Thursday, July 23, 2015

"You saw her bathing on the roof..."

Bathsheba was the daughter of one of King David’s advisors and the wife of Uriah, a Hittite. She is not named directly in Matthew's genelogy of Jesus, but it is pointed out that Solomon is the son of the woman who had been Uriah's wife. One night David saw Bathsheba bathing on the roof of the palace. This bath was most likely a post-menstrual mikvah, meaning 1. she was not already pregnant and 2. she was in her most fertile time of the month.  David pursued his lust of Bathsheba. They slept together and she became pregnant. To try to cover up the affair, David called Uriah home from the army hoping that it would appear that the child was Uriah’s. However, Uriah followed the protocol for active-duty soldiers and stayed in the palace barracks instead of reuniting with his wife. Unable to convince Uriah to sleep with Bathsheba, David sent Uriah to the front lines, where he would surely die. After Uriah died, David married the widowed Bathsheba. [2 Samuel 11]

God sent the prophet Nathan to rebuke David’s actions. David confessed his sins and repented. He and Bathsheba’s child died shortly after birth. Later, Bathsheba gave birth to Solomon, who would succeed his father. Bathsheba helped secure the throne for Solomon, even though he had an older brother. She also served as one of his advisors. [1 Kings 1:28] She became the first woman in Israel’s history to hold the title Queen Mother. This is foreshadowing of Mary’s title Queen of Heaven.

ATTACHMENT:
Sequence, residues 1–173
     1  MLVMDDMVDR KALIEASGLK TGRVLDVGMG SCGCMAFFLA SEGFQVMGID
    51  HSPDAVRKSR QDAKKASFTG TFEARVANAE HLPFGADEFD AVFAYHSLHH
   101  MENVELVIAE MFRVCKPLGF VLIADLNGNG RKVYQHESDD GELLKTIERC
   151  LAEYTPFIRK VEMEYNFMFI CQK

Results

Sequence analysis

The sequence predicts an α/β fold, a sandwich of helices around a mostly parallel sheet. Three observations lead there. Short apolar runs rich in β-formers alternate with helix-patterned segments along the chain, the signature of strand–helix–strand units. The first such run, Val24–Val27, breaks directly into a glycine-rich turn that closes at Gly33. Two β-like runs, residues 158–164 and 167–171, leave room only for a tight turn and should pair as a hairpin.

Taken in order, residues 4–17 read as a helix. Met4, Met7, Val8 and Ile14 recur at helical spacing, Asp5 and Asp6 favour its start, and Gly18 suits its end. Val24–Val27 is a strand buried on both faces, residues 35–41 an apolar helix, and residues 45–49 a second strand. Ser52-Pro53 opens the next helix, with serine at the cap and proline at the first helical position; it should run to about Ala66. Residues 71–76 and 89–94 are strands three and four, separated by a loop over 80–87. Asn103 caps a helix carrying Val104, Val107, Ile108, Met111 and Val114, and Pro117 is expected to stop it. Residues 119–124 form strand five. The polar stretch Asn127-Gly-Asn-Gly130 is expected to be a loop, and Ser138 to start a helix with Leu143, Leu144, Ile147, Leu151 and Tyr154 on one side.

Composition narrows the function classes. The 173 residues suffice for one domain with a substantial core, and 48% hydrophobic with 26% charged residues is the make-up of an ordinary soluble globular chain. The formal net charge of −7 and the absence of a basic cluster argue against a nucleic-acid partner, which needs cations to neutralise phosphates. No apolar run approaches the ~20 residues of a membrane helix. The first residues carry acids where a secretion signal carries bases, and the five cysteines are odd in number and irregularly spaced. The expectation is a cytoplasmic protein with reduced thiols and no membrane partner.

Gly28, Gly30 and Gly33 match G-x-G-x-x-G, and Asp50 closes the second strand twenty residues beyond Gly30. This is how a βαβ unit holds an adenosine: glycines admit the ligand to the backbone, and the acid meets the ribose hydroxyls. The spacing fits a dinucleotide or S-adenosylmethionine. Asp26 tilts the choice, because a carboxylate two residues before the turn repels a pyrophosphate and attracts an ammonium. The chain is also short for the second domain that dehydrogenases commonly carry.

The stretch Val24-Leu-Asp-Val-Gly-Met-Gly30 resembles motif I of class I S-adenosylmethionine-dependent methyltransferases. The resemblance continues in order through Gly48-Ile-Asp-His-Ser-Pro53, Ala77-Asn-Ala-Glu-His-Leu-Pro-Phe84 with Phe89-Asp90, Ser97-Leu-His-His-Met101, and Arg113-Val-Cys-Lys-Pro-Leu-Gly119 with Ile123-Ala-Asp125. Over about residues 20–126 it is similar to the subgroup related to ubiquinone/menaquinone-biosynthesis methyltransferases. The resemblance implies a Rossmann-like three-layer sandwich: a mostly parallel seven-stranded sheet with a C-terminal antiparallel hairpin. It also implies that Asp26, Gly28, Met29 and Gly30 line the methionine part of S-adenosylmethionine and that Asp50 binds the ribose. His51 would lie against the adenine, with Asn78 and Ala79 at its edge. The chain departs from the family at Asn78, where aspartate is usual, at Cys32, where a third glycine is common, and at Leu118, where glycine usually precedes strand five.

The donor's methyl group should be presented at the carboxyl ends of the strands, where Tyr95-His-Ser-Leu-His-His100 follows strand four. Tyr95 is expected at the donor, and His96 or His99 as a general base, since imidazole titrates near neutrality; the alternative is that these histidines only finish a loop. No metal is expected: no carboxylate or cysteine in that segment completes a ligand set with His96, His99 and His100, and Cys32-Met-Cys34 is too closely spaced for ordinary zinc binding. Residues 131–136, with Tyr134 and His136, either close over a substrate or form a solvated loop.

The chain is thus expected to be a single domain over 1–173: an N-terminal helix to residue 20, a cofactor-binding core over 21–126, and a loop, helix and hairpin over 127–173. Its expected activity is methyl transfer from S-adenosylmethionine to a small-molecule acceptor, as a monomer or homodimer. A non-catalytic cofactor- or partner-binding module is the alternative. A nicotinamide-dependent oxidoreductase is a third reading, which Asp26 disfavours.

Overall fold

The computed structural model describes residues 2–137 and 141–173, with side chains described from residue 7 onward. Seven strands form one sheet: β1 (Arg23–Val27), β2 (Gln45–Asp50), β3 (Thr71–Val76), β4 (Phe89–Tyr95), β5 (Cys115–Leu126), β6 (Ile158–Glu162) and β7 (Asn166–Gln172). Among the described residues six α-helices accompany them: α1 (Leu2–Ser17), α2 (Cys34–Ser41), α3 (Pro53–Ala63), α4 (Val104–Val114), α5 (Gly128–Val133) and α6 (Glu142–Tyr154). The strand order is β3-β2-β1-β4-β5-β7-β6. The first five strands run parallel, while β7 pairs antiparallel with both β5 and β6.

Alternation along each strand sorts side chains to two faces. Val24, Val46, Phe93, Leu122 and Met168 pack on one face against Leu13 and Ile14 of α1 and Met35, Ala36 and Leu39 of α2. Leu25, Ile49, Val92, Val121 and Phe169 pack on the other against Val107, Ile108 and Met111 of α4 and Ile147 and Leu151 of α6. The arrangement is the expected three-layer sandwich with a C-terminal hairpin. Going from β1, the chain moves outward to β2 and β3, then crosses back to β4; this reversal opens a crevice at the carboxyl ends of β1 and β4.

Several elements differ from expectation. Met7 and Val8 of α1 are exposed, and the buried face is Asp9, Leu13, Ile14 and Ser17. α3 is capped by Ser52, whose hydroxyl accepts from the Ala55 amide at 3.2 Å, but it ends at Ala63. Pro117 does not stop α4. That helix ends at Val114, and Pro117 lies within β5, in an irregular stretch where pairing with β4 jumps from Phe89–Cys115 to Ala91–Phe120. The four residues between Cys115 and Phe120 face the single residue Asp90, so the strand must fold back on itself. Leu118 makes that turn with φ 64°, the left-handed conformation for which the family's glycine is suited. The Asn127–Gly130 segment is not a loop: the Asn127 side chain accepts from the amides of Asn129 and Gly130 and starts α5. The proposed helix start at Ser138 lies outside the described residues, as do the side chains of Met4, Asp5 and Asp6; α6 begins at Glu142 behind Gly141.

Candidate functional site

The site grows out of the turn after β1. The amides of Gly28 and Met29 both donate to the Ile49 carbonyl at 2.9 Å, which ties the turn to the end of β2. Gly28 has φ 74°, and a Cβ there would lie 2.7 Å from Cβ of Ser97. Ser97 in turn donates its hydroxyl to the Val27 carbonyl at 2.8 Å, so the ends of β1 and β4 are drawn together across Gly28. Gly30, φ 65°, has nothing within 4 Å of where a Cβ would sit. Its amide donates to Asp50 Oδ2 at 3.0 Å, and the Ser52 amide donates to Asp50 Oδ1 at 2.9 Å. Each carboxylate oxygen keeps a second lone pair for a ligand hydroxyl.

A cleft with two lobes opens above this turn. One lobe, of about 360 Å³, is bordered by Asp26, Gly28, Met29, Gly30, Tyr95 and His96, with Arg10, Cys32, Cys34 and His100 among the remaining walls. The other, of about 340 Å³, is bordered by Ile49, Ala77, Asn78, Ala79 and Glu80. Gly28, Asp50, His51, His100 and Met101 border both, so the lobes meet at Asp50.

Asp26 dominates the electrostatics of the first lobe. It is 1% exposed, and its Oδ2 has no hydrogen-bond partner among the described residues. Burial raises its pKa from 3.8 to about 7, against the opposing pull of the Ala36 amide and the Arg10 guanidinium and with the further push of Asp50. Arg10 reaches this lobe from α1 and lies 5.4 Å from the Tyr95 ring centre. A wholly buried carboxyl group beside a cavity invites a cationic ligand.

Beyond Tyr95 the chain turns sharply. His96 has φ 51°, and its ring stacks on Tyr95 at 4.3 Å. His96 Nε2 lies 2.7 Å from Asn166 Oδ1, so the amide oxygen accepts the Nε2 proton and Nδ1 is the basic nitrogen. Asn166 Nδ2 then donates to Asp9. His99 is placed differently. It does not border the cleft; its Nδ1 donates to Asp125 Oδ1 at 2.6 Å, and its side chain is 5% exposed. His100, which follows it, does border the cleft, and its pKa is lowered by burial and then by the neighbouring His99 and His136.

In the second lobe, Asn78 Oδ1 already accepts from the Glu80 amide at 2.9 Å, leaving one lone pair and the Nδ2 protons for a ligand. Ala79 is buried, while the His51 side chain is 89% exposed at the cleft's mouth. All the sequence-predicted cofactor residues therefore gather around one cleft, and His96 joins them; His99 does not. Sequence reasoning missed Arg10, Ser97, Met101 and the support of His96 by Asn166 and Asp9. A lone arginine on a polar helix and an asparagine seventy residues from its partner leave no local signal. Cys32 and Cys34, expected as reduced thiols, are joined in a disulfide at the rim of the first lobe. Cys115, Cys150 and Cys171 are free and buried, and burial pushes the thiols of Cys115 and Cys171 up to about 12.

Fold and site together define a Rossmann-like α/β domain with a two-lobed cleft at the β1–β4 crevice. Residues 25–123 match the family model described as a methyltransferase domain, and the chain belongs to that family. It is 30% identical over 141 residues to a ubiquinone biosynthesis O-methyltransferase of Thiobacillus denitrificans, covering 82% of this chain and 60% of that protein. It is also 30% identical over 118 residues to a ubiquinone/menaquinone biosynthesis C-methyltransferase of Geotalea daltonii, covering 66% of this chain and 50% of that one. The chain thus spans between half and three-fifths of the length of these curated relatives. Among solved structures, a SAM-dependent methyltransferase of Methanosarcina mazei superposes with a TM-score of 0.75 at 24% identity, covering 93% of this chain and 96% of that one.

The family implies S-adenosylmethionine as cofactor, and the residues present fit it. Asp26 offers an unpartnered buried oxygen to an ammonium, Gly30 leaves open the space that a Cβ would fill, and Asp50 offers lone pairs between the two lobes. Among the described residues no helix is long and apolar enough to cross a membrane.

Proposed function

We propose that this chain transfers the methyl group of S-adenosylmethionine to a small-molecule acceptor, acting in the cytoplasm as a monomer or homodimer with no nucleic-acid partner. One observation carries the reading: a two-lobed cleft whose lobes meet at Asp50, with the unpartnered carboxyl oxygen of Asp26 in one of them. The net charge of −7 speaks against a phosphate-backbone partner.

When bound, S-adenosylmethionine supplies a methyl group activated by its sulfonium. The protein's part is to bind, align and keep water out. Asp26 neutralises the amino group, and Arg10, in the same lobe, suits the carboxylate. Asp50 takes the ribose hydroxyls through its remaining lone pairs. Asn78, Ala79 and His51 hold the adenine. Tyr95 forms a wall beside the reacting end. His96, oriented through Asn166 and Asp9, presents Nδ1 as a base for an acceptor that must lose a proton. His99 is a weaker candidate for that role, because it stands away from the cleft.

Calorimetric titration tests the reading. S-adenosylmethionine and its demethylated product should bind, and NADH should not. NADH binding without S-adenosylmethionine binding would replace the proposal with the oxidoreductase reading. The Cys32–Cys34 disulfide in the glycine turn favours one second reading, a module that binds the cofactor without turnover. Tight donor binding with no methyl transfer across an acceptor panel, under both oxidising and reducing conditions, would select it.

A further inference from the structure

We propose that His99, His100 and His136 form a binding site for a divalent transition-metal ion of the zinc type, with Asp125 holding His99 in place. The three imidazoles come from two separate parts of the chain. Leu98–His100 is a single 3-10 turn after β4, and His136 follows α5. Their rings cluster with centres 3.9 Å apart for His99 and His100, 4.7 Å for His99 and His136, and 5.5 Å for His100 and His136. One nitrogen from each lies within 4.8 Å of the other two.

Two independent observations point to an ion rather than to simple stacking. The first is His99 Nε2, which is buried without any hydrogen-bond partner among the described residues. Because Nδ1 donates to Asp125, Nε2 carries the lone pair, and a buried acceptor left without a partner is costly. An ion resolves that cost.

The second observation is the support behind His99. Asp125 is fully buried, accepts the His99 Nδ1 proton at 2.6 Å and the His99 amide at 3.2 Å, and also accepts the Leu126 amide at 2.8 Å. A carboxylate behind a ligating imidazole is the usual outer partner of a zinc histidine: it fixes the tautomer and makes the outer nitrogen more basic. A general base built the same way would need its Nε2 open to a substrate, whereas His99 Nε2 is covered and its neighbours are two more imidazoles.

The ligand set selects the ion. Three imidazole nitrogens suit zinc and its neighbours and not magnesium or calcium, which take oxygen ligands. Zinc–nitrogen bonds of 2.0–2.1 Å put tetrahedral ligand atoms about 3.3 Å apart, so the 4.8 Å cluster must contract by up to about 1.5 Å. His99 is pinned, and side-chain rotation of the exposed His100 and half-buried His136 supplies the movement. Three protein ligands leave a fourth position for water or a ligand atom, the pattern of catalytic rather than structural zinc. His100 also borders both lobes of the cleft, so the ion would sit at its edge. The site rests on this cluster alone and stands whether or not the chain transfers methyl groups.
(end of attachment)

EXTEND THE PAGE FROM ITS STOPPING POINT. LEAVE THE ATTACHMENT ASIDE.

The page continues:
The story of Bathsheba really focuses on the faults of David. He remained home when his men were at war, he stole a friend’s wife, he tried to cover up his sin, and he sent his friend to an assured death. While there is debate about who seduced whom (was Bathsheba displaying herself on the roof or was David a peeping Tom), it is generally agreed that both parties participated in the affair willingly. Bathsheba went to the king when he called for her, without any mention of trying to get out of the situation. Both are guilty. Unlike other women like Tamar or Rahab who do questionable things for good reasons/good faith, Bathsheba cheats on her husbands, maybe for lust, maybe for political ambitions, but certainly not for any noble reason. While David is usually heralded as Israel’s great king, this event is the low point of his morality. And yet, from his low point of sin arises the lineage through which Jesus arrives.

Wednesday, July 15, 2015

I Will Follow

Ruth is probably the most well-known woman in Jesus’ line after Mary. She even has her own book! She was a Moabite married to a Hebrew. After her husband died, her mother-in-law Naomi sent her back to Moab so she could be with her family and because Moab had plenty of food. But Ruth stayed with Naomi, saying that Naomi’s people were now her people and Naomi’s God was now her God. (Ruth 1:16) (Cueing U2).

Back in Bethlehem, Naomi’s hometown, Ruth meets Boaz. He takes care of her and Naomi by giving them barley and then purchasing Naomi’s husband’s land. He marries Ruth and they have Obed. (Ruth 4:13-17). Naomi is a widow, the bottom of the social totem pole, yet she offers her daughters-in-law a chance to leave her and go home to a better life. She’s selfless. Orpah is obedient and goes home. Fortunately, Ruth is loyal and stays. So it becomes two women looking after each other.